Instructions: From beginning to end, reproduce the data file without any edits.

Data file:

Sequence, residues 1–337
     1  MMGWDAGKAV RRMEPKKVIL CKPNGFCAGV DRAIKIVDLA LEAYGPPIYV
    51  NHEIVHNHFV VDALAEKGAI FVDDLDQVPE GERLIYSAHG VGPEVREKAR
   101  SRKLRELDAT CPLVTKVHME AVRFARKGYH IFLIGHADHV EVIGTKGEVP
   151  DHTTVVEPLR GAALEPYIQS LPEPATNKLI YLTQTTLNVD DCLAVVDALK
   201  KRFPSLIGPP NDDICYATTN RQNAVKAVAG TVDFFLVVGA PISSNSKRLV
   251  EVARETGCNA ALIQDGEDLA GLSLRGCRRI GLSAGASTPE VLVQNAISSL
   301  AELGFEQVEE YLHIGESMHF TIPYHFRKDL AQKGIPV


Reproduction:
Sequence, residues 1–337
     1  MMGWDAGKAV RRMEPKKVIL CKPNGFCAGV DRAIKIVDLA LEAYGPPIYV
    51  NHEIVHNHFV VDALAEKGAI FVDDLDQVPE GERLIYSAHG VGPEVREKAR
   101  SRKLRELDAT CPLVTKVHME AVRFARKGYH IFLIGHADHV EVIGTKGEVP
   151  DHTTVVEPLR GAALEPYIQS LPEPATNKLI YLTQTTLNVD DCLAVVDALK
   201  KRFPSLIGPP NDDICYATTN RQNAVKAVAG TVDFFLVVGA PISSNSKRLV
   251  EVARETGCNA ALIQDGEDLA GLSLRGCRRI GLSAGASTPE VLVQNAISSL
   301  AELGFEQVEE YLHIGESMHF TIPYHFRKDL AQKGIPV